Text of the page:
As Sam's sensory fears became more and more challenging over the past two years, it was not just his sitting and basic daily mobility movements that required some creative tactics but so too did his physio sessions. When once Heidi had no problems stretching Sam on the wedge on the mat, this became an impossible task.  Up until a few weeks ago, if you laid Sam on the floor, or on anything too close to the floor, he became so terrified that he would just not move...not a muscle...not a finger...including his lungs. He simply would not breathe. His arms would be thrown out in his still-very-present "startle reflex"and he would lie there frozen until you picked him up. Now while the startle reflex still rears its head quite often (which has left both Heidi and I teary eyed after its resulted in a frightened little hand connecting accidentally with our noses) it's definitely toned down quite nicely.  And so too has Sam's anxiety about lying on the floor. I think I might have blogged about this already, but a couple of weeks ago I had no alternative but to lie Sam down on the floor to change his nappy at a friend's house....Sam was so scared that I had to keep rubbing his tummy while changing him to get him to take a breath.  I decided that we honestly just can't go on like that and so every day since then changed his nappy on the floor at home. At first Sam will still get a bit of a fright but within seconds now relaxes and let's you carry on, so 3 physio sessions ago I suggested Heidi try stretching him on the wedge again and not once since then has she had to resort again to placing him on one of the adult physio tables (which for some reason, even though narrow and quite high up, was less frightening for Sam) to do his stretching.  It might seem like a small victory, but it's actually a pretty huge one for us.  Sam's sensory problems have pretty much controlled much of our lives over the past couple of years so to see at least some of them improving brings refreshed hope.  We've not yet reached the point where I can use the vacuum around Sam and I still have to walk around in the middle of Winter with wet hair as hairdryers are most definitely still on the v-word list but it's really not too important right now.  Yesterday while playing with Antoni, Sam did not feel me moving away from him while he sat on the floor (which usually causes that "plank reaction" as soon as he feels I am no longer supporting him) and sat for a good 15 minutes before he got onto his knees and crawled away as if it is something he's never had an issue with.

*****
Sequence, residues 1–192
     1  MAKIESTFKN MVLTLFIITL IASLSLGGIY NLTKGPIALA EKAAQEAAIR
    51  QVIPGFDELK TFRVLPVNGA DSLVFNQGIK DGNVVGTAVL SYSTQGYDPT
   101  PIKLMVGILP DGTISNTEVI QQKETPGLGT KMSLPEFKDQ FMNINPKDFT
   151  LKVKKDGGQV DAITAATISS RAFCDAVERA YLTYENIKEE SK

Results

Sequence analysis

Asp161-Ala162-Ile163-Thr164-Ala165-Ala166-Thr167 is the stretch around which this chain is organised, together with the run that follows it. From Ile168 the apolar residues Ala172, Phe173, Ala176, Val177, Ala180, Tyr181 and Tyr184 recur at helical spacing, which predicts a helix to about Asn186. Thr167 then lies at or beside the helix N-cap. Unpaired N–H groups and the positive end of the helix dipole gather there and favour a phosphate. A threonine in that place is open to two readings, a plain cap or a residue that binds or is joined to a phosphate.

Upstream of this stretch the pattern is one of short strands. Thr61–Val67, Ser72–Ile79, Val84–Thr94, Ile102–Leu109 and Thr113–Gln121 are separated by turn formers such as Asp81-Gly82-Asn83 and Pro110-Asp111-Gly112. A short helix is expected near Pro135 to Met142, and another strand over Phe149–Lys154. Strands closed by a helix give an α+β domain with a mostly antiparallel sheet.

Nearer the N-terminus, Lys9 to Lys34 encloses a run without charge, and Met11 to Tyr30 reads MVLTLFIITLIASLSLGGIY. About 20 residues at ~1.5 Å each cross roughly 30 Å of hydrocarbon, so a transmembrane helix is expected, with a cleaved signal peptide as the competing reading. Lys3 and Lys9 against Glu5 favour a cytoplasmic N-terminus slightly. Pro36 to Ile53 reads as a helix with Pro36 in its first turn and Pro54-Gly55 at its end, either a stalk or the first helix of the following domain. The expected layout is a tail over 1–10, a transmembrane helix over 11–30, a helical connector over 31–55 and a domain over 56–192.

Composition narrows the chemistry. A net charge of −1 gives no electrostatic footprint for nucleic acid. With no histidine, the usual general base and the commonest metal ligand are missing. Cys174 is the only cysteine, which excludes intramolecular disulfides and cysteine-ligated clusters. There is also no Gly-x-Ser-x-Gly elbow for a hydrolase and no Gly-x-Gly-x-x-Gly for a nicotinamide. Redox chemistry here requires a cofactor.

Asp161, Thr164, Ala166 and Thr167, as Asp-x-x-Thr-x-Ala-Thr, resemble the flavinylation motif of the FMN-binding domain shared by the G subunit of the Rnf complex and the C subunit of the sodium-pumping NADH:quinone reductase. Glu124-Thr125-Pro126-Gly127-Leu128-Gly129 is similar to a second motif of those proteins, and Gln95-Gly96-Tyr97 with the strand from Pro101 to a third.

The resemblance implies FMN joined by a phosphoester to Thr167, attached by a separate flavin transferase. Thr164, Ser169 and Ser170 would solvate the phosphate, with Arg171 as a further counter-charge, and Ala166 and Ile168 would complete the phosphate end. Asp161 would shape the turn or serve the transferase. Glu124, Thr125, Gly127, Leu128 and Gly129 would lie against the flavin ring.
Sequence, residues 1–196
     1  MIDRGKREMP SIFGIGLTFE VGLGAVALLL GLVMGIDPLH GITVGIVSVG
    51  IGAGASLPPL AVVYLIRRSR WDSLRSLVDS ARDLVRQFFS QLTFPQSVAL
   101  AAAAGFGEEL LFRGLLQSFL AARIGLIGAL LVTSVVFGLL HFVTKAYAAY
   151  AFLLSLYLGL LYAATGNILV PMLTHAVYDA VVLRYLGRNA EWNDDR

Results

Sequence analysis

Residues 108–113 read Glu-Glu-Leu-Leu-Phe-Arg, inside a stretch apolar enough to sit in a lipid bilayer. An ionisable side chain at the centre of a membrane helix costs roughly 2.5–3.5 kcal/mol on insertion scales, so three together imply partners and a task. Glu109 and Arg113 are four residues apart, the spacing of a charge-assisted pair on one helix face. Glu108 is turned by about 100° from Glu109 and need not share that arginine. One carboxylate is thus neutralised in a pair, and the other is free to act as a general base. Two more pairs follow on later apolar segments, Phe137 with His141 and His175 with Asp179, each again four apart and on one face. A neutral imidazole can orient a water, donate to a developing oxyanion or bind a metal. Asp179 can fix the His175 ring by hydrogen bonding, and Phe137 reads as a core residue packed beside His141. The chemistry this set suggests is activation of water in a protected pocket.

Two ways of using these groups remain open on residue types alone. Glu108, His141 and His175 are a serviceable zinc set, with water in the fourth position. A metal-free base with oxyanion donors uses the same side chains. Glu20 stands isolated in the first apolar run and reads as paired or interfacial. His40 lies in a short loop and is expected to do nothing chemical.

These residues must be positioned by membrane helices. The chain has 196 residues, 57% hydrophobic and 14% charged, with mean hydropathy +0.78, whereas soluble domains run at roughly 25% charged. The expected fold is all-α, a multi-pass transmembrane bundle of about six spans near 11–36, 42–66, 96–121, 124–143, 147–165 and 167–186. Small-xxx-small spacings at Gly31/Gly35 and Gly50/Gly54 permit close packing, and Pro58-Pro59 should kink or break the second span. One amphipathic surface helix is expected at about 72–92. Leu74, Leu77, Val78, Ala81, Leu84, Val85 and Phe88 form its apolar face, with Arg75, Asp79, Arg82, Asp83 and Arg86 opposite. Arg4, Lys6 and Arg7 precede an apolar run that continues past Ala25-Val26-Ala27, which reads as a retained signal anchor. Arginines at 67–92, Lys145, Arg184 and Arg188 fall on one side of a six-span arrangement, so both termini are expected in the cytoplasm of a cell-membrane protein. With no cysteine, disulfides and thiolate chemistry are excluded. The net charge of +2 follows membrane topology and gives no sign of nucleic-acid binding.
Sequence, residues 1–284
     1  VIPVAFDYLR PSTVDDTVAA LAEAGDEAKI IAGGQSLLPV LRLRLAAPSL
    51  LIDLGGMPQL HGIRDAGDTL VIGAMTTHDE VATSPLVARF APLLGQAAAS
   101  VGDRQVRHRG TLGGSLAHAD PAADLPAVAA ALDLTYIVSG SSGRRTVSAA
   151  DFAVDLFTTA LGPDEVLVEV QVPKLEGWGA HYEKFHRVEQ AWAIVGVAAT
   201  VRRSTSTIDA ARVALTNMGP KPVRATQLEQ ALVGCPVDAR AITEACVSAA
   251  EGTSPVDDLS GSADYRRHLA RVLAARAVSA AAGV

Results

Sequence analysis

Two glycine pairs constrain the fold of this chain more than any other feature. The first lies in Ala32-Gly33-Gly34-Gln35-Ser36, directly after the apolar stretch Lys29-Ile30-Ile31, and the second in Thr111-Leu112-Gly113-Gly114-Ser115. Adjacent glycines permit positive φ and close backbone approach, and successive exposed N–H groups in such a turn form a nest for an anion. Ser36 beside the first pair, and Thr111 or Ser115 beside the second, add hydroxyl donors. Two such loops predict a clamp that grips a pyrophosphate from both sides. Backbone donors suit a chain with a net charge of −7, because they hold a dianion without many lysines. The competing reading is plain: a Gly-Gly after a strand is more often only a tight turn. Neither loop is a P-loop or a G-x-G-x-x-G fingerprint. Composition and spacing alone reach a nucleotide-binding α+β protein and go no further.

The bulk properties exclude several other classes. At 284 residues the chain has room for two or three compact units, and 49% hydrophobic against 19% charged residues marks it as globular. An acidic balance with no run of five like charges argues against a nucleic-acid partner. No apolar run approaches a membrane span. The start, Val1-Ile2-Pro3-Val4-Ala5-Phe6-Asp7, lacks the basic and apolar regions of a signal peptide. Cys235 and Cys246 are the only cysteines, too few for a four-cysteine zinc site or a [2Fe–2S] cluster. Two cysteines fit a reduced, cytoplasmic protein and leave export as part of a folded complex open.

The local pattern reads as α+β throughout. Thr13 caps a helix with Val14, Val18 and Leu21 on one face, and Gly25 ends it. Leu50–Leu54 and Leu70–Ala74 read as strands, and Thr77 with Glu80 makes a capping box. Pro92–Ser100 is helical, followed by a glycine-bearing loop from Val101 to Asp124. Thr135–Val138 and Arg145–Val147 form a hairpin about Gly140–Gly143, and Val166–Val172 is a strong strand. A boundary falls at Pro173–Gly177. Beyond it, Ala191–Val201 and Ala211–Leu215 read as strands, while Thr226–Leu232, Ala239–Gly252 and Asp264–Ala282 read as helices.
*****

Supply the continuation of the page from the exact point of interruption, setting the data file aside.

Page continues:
This picture is from about two-and-a-half years ago just before Sam had his first attempted testicle repair, which was when his sensory challenges took a major dive.

Today...not in the least bit worried about lying on the wedge and not only breathing but doing some pretty awesome happy-flapping too.
It has been a really loooonnnggg two years :) Watching Sam lose milestones which had taken him so long to achieve, like sitting and pulling himself up into a standing position, etc, really took the wind out of my sails. How could we move forward before we found ourselves back at that point? Well finally, two years later, we are here now...and it feels pretty darn good...and really very exciting.  I cannot wait for the weather to clear up so we can get out there! I don't really know where "there" is but with Sam being able to walk short distances while holding my hand it could be feeding the ducks at the dam, standing watching the kids on the playgym at our local shopping centre, taking a slow walk to the gate at Meg's school :) This morning Sam sat on one of the physio blocks while I put his shoes back on after his session.  When finished I held out my hand, he took it and pulled himself up and we walked to the door. It was such a natural process, something so many folks take for granted. When next you happen to be walking alongside your little one, take their hand and for just a few moments walk WITH is a joy, a heart's desire, too many parents will never have the opportunity to experience.  I am thankful for feeling that joy today xxx